I first came across the name Drew Wagar when I started playing a game called Elite: Dangerous which was based on Elite that originally exploded in popularity during the 1980’s. He’d written an Elite: Dangerous book entitled Reclamation which was a fantastic read I have to say. Getting to the point, in the Elite: Dangerous community Drew is often known as “The Senator” and at a recent convention (Fantasticon 2015) my main and admittedly tenuous claim to fame are that I led a Nerf War attack on The Senator and his family. So any accusations of favouritism need to bear in mind that we were at war once and were shooting each other with fury in our eyes and grins on our faces.
On to the book which has an amazing cover by Heather Murphy that features iconography conjuring up a mysterious science fiction aspect with a landscape scene suggesting that the sun could play a big part in this book. Complimenting this the book description reads as follows: “A world of eternal day and everlasting night, burning deserts and frozen wastes. A people exiled, seeking the truth about their past, long lost in vague, yet disturbing, myth and legend. Technology lost, then found again. A realm of priestesses with remarkable powers and implacable purpose, who worship a powerful god; a star that blazes unchanging in the skies above. A star which is poised to unleash devastation upon them all. Two Children are smuggled out of Scallia to save them from the feared witches of Drayden, but the ‘rescue’ doesn’t go well. Cast adrift with no memories of each other or their real family, both grow to adolescence friendless and destitute. All that stands between them and brutal early deaths are the talents they barely know they possess… and can’t control.”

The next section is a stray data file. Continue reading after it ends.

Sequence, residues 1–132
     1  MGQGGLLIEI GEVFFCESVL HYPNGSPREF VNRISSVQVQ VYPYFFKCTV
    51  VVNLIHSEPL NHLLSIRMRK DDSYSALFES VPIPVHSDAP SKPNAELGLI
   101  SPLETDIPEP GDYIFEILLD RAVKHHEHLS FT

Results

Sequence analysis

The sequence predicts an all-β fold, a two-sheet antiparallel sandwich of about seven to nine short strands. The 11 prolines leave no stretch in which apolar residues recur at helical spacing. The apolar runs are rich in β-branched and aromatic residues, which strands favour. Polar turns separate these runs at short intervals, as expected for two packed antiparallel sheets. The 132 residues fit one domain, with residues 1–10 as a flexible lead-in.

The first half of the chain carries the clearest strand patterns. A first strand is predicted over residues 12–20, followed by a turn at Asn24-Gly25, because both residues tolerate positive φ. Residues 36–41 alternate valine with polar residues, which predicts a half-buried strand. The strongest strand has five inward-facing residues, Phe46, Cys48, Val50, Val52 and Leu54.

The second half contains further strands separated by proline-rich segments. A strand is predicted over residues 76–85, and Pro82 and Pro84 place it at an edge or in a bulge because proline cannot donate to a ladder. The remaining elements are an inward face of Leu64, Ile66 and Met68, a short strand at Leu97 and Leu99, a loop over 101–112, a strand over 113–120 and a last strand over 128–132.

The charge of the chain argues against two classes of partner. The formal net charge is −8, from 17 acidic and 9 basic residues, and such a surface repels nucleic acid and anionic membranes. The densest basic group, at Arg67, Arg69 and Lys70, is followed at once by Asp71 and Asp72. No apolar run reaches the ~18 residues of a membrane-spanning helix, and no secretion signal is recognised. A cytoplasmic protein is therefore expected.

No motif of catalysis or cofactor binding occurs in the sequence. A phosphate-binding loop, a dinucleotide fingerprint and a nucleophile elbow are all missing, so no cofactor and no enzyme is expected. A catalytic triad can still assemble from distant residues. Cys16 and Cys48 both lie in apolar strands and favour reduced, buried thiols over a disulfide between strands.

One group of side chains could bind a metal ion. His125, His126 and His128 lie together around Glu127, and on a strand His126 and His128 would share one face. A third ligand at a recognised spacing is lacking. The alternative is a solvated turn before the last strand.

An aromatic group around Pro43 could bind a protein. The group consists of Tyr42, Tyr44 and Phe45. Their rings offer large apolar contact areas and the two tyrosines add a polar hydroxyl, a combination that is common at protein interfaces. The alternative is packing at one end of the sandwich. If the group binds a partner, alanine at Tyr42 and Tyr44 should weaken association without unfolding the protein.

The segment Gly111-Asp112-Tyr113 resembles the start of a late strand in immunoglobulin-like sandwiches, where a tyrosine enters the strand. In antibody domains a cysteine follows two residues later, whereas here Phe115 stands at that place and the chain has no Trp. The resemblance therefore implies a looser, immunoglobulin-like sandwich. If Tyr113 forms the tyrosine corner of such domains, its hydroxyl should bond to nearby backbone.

When reading a new book I always have a number of key concerns. Will I like and dislike the main characters appropriately? Will I get a good understanding of the new world without too much trouble? Will the plotlines make sense and develop well? Will I actually enjoy the book?
I’m happy to report that all of those questions can be answered positively. The main characters really grow on you. Drew introduces them expertly and there’s enough detail added at each stage with no overly preachy, ham-fisted exposition to deal with.
The world building is superb. For example, there are new creatures to deal with almost immediately yet it still feels relaxed and well paced. There are new cultures to become involved with and once you get to understand the land based ones you get introduced to the seaborne culture. A lot of thought has gone into how navigation works on this tidally locked world and the mythology of each people has been carefully drawn and entwined into the plot. As you read on you’ll experience a slow realisation of how this was done and hopefully agree with me that this and the genesis of this world’s background is both believable and enjoyable. The sign of a good book is how quickly you want to read it and I found myself racing through this eager to learn what was happening to familiar characters, desperate to reach the conclusion.
Hurry up with the sequel!
Thank you for reading this review.
We really appreciate you took time out of your day to visit. Feel free to contact us on social media such as Facebook, Twitter, Google +, use the contact form or email us using [email protected] We'd love to hear from you, your comments might be on the StarfleetComms science fiction podcast!